Anyway, mainly wish to share with you something from Physicsweb.org (Biological Quantum Dots Go Live, Physicsweb, Mar2003) which is relevant with what has been mentioned during the last two talks -- one by Dr Monica Plisch (on quantum dots) and the other by Prof Mike Starck (bioflourescence imaging).
If you recall, Dr Plisch mentioned that quantum dots are particles that are nanometer sized (10^-9 m) and the size of the particles determine the colour with which they flouresce (rather than their molecular makeup). So a nano-sized gold particle could very well be red rather than, well, gold. :)
She spoke about the quantum dots being used in bio-imaging due to their ability to flouresce brightly under UV light, making it suitable as an alternative to organic dyes, which tend to fade with time. Also, the range of wavelengths of light emitted by the organic dyes are spread out, making it difficult to use more than 3 or so dyes. In contrast, the light emitted by quantum dots are monochromatic (single wavelength) and adjustable (just inject different sized quantum dots), making it superior. However, the challenge was that most quantum dots were toxic (see cadmium selenide quantum dots - below) and cannot be used in aqueous medium.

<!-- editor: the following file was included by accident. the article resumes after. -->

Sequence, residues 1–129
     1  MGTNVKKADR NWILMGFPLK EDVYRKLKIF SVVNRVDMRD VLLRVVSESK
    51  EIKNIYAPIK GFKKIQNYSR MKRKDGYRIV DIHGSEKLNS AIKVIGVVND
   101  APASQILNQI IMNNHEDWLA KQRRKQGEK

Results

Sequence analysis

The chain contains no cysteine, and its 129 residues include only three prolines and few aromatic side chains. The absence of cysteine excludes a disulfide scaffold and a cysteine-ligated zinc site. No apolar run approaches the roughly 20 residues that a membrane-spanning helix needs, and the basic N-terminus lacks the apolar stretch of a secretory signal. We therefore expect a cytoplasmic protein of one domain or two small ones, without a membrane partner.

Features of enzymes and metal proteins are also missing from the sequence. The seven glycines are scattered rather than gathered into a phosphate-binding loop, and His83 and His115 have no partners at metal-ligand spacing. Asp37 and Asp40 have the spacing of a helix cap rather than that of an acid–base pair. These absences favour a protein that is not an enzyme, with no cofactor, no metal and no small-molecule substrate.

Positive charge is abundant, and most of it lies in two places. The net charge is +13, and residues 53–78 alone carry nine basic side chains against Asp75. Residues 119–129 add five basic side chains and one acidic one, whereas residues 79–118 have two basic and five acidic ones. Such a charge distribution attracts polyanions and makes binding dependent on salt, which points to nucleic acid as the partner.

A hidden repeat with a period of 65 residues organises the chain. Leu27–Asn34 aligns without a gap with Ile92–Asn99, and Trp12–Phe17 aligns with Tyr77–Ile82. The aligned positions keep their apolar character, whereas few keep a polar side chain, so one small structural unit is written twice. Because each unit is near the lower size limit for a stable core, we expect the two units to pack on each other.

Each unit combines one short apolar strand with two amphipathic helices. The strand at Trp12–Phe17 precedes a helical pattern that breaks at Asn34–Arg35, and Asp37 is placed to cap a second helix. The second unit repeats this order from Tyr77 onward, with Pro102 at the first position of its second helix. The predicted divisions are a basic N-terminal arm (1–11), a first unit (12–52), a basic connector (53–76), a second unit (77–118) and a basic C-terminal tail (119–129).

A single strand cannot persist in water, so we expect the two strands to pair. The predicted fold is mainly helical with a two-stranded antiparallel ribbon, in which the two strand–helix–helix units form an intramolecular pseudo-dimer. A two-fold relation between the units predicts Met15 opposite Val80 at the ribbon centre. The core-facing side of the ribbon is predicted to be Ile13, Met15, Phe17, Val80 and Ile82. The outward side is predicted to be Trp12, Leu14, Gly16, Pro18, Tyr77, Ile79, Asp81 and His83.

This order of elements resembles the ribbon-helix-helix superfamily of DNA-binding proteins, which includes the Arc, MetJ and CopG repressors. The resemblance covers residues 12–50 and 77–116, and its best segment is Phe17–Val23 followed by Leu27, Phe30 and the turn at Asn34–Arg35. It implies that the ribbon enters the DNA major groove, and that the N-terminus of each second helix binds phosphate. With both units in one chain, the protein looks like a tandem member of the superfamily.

Prof Starck mentioned the jellyfish flourescence gene, which could be inserted into the ...erm, DNA(?)... of a cell, and the replication of that allows researchers to tag a particular part of the DNA and observe it on a large scale --- Bio students/teachers, pls correct me k? cos my bio knowledge stops at Sec4...
So this article on Physicsweb.org (Best of Physicsweb / Physics in Biology) says that
Biologists have long been eager to probe living cells in full colour over extended periods of time. Such a technique could reveal the complex processes that take place in all living organisms in unprecedented detail, such as the development of embryos.
Existing imaging techniques use natural molecules that fluoresce, such as organic dyes and proteins that are found in jellyfish and fireflies.....
Inorganic semiconductor nanocrystals - quantum dots - can get round .. problems [faced by using organic dyes]. .... a mixture of quantum dots of different sizes can be excited by a light source with a single wavelength, allowing simultaneous detection and imaging in colour. Turning these ideas from physics into biology, however, has remained a challenge because quantum dots cannot survive in water, and they must remain non-toxic.
Now a team of physicists and biologists led by Albert Libchaber and Ali Brivanlou at Rockefeller University in the US has produced new, biocompatible quantum dots and used them to image a live frog embryo (B Dubertret et al. 2002 Science 298 1759-1762). The researchers were able to "dress" quantum dots in an organic disguise that prevents them from coming into direct contact with the aqueous biological environment.
Showing an example of their successful research: